Judge improperly granted two separate judgments relating to one obligation, says appeal court
The creditor was not entitled to advance or maintain a claim under the security and to enforce a judgment on that security when the debtor had already paid the principal debt, the Ontario Court of Appeal said in a recent case.
In Grewal v. 102095 P.E.I. Inc., 2022 ONCA 636, the individual appellant – sole shareholder of the appellant 2151488 Ontario Inc. – borrowed money from the respondent to fund his purchase of shares in the appellant 102095 P.E.I. Inc. He signed a promissory note and secured it via a collateral mortgage that 2151488 Ontario Inc. took over certain property. Later, he defaulted on the promissory note’s payments.
The respondent brought an action against the appellants relating to the promissory note and the collateral mortgage. The amount due on the collateral mortgage was significantly larger than the amount owing on the promissory note, given the difference in interest rates. The respondent then filed a summary judgment motion.
The motion judge found no genuine issue for trial and granted summary judgment on the promissory note and the collateral mortgage. He ordered the individual appellant and 102095 P.E.I. Inc. to pay the respondent $474,396.05. He also directed 2151488 Ontario Inc. to pay the respondent $532,804.80. The respondent took possession of the property that the collateral mortgage covered.
The individual appellant paid the respondent the amount for the promissory note. On the respondent’s demand, he later paid the additional amount awarded on the collateral mortgage so that he could regain possession of the property given as security for the promissory note. The appellants appealed the summary judgment and asked to return the additional paid amount.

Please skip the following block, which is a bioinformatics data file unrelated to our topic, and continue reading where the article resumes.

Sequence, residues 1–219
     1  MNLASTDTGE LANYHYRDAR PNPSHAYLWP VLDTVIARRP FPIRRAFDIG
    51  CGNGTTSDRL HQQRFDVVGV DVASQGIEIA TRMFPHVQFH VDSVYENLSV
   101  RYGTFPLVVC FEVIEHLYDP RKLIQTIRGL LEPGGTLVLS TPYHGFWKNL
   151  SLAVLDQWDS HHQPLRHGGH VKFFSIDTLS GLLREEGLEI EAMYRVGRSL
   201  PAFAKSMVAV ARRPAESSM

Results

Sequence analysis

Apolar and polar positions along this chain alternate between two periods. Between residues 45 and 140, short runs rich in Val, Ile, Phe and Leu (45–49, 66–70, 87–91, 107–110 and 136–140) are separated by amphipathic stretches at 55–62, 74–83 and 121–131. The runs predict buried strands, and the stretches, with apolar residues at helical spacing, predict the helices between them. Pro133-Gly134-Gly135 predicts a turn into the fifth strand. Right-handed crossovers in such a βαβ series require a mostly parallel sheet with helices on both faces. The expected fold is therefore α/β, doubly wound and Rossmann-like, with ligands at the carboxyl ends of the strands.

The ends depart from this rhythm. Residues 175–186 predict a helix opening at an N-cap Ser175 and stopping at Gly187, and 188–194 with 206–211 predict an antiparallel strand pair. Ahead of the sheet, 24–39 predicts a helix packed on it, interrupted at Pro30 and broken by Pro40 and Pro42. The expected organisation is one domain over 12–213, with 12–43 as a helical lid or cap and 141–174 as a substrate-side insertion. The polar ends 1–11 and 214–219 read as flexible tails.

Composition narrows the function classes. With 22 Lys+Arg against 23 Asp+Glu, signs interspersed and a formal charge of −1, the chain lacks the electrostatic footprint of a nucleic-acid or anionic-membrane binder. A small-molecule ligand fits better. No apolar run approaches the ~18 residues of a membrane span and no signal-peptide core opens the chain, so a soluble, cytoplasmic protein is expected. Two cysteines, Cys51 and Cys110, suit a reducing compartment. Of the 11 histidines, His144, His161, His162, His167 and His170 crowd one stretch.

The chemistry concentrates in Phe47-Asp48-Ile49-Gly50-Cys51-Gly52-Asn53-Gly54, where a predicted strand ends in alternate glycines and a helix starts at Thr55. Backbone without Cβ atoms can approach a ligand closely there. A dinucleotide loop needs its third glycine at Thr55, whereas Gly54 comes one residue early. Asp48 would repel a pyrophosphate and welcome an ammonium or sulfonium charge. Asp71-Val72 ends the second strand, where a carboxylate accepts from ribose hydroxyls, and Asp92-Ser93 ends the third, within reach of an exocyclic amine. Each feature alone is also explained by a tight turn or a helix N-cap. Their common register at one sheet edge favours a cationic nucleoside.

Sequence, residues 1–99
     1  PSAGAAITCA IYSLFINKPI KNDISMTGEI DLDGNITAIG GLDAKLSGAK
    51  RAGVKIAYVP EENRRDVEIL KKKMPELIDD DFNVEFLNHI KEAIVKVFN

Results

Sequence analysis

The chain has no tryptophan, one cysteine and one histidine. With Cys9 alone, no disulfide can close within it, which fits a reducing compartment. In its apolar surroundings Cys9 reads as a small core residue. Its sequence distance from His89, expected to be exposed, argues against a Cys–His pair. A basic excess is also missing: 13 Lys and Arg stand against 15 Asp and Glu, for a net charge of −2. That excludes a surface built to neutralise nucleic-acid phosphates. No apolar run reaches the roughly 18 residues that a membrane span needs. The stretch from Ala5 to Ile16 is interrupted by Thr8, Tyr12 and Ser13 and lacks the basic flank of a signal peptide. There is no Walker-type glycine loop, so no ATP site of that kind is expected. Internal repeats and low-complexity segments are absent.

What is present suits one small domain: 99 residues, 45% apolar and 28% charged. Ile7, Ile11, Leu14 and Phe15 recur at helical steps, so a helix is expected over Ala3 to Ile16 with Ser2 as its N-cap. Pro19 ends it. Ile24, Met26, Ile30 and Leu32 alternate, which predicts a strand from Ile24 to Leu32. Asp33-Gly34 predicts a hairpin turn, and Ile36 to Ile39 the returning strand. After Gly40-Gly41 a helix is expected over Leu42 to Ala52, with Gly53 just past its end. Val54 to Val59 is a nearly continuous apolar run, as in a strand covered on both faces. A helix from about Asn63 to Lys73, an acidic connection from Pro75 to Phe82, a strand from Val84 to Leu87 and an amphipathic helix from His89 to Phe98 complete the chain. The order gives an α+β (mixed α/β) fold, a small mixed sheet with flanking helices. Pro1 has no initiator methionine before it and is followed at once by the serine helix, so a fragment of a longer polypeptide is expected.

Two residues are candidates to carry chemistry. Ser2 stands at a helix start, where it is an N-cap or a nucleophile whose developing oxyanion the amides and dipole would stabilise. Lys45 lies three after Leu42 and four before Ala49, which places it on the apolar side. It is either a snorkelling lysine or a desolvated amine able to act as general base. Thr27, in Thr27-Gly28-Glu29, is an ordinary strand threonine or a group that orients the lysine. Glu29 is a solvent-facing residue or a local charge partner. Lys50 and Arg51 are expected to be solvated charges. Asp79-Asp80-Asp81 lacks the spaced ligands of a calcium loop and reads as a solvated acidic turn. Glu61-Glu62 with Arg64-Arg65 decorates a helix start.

Ontario Court of Appeal allows appeal
The appellate court set aside the judgment against 2151488 Ontario Inc. and ordered the respondent to repay $244,572.89.
The appellate court explained that the respondent had no right to demand payment of the additional amount awarded on the collateral mortgage. The respondent was not entitled to claim on the security – specifically, the collateral mortgage – after the individual appellant paid the amount due on the principal debt, as represented by the promissory note, the court said.
The Court of Appeal ruled that the motion judge improperly granted what was essentially two separate judgments relating to the same obligation. Instead, the judge should have made the judgment on the collateral mortgage contingent upon a failure to pay the judgment on the promissory note, considering that the collateral mortgage obligation would only arise if the principal debt were unpaid, the appellate court concluded.
This conclusion was in line with the security’s fundamental purpose, as supported by the word “collateral,” the court said.